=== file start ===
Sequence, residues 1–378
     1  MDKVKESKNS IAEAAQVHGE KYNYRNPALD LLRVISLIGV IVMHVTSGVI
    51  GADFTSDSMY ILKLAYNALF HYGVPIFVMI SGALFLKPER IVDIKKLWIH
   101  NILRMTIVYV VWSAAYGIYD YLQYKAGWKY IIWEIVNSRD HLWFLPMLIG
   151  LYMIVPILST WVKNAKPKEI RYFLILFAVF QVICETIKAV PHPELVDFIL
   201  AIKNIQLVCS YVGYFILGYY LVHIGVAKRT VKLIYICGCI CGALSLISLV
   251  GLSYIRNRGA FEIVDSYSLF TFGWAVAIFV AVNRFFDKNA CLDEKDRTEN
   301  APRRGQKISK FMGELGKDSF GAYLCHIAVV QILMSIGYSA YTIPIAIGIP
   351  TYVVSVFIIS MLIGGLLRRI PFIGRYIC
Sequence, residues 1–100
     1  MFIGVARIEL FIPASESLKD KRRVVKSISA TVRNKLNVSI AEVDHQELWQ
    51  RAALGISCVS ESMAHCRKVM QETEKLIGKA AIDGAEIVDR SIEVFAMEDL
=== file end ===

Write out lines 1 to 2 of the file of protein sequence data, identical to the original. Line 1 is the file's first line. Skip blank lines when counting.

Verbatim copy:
Sequence, residues 1–378
     1  MDKVKESKNS IAEAAQVHGE KYNYRNPALD LLRVISLIGV IVMHVTSGVI